The Equalizer (2021) s02e13 – D.W.B.

Tory Kittles gets his most significant episode of the season (if not the show), but with several caveats. First, it’s a Black trauma episode. Kittles—with his two sons—is somewhere in not-New York City New York, and a couple sheriffs’ deputies assume he’s a suspect. When he asserts his rights, the senior officer (Lee Tergesen, leaning into his typecasting as a racist piece of shit) attacks him, knocking him unconscious. Once the other, less overtly shitty cop (Brandon Espinoza) confirms Kittles is a cop… they put him in the back of their car and drive him out somewhere to kill him instead of calling an ambulance.

Because all of a sudden, “The Equalizer” really wants to be realistic.

The other big caveat for it being a Kittles-centric episode is it being, one way or another, a major change for the character and potentially the show. We finally meet his ex-wife, Tawny Cypress, who’s initially confused why her sons called Queen Latifah for help before her, and then we get some backstory on Kittles. Including how Cypress always wanted to tell her kids about racist white cops, but cop Kittles wouldn’t let her. The episode speeds through that aspect of the story, letting the detail inform Kittles’s arc but not Cypress’s or the kids’.

The last caveat has to do with Kittles and Latifah’s chemistry. The show leans into it more than ever, but also without there being much weight behind it. Kittles has multiple flashback hallucinations in the episode, including returning guest star dad Danny Johnson either getting CGI de-aged (or de-aging make-up just looks like CGI now) and Kittles occasionally playing himself as a child. It’s kind of an acting showcase for Kittles, really. Just a horrific Black trauma one.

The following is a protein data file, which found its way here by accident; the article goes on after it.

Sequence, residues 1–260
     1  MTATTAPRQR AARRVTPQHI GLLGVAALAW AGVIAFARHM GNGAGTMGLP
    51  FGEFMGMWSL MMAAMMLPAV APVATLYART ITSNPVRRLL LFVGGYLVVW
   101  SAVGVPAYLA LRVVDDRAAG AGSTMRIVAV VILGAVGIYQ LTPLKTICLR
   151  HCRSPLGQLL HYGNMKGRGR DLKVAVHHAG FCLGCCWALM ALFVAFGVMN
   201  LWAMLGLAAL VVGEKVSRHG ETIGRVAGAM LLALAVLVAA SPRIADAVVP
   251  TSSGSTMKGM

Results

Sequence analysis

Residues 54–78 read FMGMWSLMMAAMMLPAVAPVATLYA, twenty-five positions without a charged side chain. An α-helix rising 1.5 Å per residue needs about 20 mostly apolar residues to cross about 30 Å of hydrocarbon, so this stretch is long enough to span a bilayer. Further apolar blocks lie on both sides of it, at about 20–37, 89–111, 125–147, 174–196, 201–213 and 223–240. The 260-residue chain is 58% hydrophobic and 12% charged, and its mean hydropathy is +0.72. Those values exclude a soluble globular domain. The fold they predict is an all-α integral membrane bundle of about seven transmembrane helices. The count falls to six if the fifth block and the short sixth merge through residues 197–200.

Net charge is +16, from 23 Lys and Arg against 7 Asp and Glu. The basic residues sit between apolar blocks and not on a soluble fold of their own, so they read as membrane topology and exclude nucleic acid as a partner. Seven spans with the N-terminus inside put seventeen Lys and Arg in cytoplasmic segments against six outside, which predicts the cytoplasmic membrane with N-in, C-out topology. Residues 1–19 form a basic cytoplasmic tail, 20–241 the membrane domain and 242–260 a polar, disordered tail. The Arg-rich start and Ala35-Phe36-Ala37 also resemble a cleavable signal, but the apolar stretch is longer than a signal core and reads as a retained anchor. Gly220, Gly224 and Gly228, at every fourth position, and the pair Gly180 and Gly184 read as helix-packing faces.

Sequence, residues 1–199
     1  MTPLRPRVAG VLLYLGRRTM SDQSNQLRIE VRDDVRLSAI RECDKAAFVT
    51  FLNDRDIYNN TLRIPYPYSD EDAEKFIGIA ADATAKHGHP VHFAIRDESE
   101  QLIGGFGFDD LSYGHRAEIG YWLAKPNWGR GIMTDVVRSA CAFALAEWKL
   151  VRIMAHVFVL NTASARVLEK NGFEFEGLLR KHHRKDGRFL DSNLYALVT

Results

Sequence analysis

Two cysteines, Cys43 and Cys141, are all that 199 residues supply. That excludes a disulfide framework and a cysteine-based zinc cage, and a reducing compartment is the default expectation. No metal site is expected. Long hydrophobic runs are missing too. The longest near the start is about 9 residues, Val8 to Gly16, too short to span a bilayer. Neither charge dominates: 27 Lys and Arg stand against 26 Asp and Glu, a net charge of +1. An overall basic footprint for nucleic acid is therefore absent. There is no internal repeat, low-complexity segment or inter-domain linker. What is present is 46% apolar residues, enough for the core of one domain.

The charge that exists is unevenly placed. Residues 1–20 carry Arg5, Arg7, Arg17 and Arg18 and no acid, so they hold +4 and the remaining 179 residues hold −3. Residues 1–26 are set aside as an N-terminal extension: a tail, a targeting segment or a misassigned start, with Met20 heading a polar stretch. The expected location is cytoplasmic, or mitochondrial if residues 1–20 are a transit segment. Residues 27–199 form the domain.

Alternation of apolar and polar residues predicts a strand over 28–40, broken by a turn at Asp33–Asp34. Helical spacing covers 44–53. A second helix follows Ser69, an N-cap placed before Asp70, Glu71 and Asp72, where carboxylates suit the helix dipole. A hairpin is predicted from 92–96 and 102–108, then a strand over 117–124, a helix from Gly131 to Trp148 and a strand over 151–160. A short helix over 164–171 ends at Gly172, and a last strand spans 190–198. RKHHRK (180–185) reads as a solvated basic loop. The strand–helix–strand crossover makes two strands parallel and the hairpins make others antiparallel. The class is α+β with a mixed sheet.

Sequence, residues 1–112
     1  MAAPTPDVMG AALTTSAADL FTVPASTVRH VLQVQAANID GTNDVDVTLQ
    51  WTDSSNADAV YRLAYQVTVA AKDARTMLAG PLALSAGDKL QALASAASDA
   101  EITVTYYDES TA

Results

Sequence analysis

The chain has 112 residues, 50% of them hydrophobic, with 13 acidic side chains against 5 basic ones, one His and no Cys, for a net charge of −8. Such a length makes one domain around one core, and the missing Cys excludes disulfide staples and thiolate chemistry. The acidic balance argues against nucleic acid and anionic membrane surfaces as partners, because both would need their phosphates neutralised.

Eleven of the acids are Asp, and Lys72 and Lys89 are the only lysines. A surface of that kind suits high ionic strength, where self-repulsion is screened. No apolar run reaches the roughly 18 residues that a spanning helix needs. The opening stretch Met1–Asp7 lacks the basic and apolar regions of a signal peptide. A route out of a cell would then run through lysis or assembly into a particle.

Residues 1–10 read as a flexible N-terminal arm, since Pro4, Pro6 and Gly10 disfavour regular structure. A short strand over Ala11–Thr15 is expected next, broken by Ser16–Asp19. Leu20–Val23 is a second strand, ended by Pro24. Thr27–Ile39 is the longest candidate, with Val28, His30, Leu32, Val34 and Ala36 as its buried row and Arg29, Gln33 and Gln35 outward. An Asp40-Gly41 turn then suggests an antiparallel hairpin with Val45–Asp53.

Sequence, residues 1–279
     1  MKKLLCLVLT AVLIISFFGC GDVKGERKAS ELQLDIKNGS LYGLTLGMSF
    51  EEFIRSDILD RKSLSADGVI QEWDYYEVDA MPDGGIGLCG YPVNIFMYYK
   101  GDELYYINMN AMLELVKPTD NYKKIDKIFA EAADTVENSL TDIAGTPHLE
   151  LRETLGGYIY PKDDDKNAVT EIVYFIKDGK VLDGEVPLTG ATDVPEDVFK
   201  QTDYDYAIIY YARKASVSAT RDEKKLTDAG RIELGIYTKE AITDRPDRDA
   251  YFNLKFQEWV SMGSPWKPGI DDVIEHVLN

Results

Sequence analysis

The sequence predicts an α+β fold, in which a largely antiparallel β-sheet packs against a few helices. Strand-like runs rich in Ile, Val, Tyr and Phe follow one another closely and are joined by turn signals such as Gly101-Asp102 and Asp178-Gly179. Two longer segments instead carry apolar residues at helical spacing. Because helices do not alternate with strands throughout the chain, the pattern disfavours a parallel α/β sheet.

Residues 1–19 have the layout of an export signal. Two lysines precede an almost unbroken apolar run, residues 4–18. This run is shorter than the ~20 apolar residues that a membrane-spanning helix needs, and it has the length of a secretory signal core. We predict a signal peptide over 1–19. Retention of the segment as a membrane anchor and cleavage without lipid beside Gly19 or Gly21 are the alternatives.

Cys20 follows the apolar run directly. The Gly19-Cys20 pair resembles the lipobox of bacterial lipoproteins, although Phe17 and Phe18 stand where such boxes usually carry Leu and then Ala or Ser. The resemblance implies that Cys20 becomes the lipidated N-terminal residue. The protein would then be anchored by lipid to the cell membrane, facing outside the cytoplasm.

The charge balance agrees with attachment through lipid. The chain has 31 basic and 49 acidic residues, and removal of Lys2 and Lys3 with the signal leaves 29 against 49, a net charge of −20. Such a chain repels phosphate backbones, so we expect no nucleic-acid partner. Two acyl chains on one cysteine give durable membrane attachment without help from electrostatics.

Because even though the show couches the racism a little bit, it’s only a little bit. The small-town cops are sympathetic to being murderers; the only non-overt racist the show introduces in the small-town is Dennis Boutsikaris, who plays a judge. Boutsikaris knows New York D.A. Jennifer Ferrin, who helps Latifah look for Kittles. The New York City cops can’t act because small-town racist sheriff Michael Pemberton tells them everything’s fine, so Ferrin and Latifah have to independently investigate.

While keeping the investigation limited makes it easier for the episode plotting—Adam Goldberg and Liza Lapira don’t get much to do here, and Laya DeLeon Hayes and Lorraine Toussaint don’t even appear–it also comes across like Kittles’s brothers and sisters in blue do not give a shit if Black cops are murdered by white ones.

Again, “Equalizer”’s picking one heck of a story to go for realism on.

Tergesen shows up before the opening titles, but then Boutsikaris and Ron Canada’s names show up, so it’s obviously going to be a big guest star episode. Canada has a great scene; sadly, all Black trauma stuff.

The show’s been having a rough time this season with Kittles as a Black cop and somehow decided the best way to resolve it was an exploitation picture from the seventies. Kittles does a great job. The main racist white cops are good too—Tergesen, Pemberton; a weird compliment.

Latifah simultaneously gets a lot to do but also not very much.

It’s a harrowing episode, start to finish.